On the sporting front it seems that if you give any game or activity to the Chinese it will come back twice as big and complicated as it was before, if not more. Take a simple tug-o’-war, stage it in a Chinese city and it isn’t quite so simple any more as we saw earlier this year when an event, involving two teams of 10,000 people each, a rope 1 kilometre in length and weighing 3 tons, was held in Changsha. Or a simple track event. I’m sure everyone knows what a 3-legged race is, a feat of cooperation between pairs of runners performed at a moderately quick pace. Not content with that the Chinese have come up with a 21-legged version of the race, which transforms a relatively sedate activity into something with the potential to break several limbs simultaneously should anything go wrong.

Returning to natural events, the recent disaster in Sichuan has involved some figures which are quite numbing. The number of people dead and missing is bad by any standard but these are small when compared with casualty lists and the numbers who are now homeless – more than 300,000 injured, and more than 5,000,000 people displaced. Five million; that is more than the population of the Republic of Ireland. One of the problems to be dealt with during the aftermath was the danger posed by earthquake-lakes and in one instance approximately 1.9 million people had to be moved to safer ground – that’s the population of Dublin plus a few more, shifted in one move to solve one small part of the problem. Last year the UK was beset by floods unseen before. No one doubts it cost a lot of money and was a real disaster for those directly affected. There was certainly a lot of noise made about it but I’m not sure it ranks the same as a disaster on a Chinese scale; 8 people died and 55,000 homes and other properties were damaged. If things were bad enough for 8 people to die and the population to get hot under the collar about it, how bad must it be for more than 60,000 to die and 5,000,000 to lose their homes? For up to date figures on casualties and how things are progressing, click here.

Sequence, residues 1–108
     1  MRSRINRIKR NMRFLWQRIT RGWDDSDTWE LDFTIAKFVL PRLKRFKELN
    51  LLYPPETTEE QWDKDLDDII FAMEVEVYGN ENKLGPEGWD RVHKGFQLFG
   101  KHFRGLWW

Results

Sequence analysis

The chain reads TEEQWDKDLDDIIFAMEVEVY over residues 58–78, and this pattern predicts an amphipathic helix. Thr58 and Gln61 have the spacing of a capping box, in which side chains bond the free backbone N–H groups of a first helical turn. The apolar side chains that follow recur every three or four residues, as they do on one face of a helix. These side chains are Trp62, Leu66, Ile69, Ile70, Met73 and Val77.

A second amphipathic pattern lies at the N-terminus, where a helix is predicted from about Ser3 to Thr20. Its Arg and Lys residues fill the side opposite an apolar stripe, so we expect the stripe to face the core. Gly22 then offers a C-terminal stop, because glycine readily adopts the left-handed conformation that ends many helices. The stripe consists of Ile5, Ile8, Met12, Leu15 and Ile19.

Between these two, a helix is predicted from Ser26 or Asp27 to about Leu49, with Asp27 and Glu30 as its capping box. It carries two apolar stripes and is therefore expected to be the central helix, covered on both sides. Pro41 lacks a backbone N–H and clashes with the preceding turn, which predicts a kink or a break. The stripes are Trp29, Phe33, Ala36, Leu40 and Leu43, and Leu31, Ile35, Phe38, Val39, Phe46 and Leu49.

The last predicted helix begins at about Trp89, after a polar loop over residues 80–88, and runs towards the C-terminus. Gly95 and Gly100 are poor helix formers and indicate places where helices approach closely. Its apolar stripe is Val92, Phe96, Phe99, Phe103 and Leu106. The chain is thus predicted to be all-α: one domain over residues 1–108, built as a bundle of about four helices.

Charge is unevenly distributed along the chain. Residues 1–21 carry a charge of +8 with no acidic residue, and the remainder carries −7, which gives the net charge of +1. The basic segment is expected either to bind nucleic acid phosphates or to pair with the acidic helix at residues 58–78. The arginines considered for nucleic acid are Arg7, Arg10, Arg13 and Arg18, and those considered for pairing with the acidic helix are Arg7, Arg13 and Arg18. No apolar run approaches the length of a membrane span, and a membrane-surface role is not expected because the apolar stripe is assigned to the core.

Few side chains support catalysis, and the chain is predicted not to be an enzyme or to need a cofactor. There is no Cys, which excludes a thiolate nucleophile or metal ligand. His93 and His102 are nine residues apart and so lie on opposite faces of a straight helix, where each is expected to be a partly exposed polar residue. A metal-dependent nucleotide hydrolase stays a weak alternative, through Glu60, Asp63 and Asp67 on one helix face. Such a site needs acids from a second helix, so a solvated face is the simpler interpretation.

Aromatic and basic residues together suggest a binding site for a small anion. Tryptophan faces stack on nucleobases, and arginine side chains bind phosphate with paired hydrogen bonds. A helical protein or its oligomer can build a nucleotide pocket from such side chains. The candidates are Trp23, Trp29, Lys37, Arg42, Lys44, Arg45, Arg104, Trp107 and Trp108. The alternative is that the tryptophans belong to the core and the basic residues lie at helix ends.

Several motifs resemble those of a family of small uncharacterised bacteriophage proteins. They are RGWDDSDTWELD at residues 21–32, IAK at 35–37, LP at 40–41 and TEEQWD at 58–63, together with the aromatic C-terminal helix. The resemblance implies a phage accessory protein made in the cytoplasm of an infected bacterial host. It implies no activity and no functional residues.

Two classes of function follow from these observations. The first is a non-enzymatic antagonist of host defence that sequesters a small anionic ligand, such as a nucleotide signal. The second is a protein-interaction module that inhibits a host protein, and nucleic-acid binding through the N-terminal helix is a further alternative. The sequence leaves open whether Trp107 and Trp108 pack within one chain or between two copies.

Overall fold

When China was an enclosed and inward looking nation none of this mattered to the rest of the world but now that it has chosen to interact what goes on in the Far East starts to matter a lot – and in a very personal way too. While China remained self-sufficient it made very little impression on the rest of the world but now there is a demand from within China for imports this has an effect. Remember, this is 20% of the world all under one government. Importing enough rubber boots to keep the population happy would have a big effect on everyone else i.e. no one else would have rubber boots for that year, there simply isn’t enough rubber in the world; but this is hypothesis, how about sticking to reality? In the days before China began importing oil the price of petrol was relatively steady, now that China is buying up supplies the price is rising. There are other factors involved too, but undisputably China is one of the major influences. This year, 2008, will probably be the last year that China is self-sufficient in food, this is due to rising expectations of the Chinese population and an increase in demand for higher living standards. Dietary shifts in China have been quite modest and the average Chinese person eats far less meat than any westerner but when that average change is multiplied by one fifth of the world population an overall world change becomes inevitable. If the squeals were loud when petrol prices started to soar, how loud will the noise be when food becomes expensive.

 

Related articles –

More Wealth, More Meat

From Poverty To Fast Food

Differences

Here is a posting worth reading. On the Frog In A Well blog is an article about some works of art by a Chinese artist, Yang Liu [or Liu Yang, depending on whether you prefer Chinese names westernised or in original order], currently on show in Germany. Each picture is intended to show differences between Chinese and German culture, which is why you see small Deutsch captions; in fact they could be said to illustrate differences between China and many western European countries, probably North America too.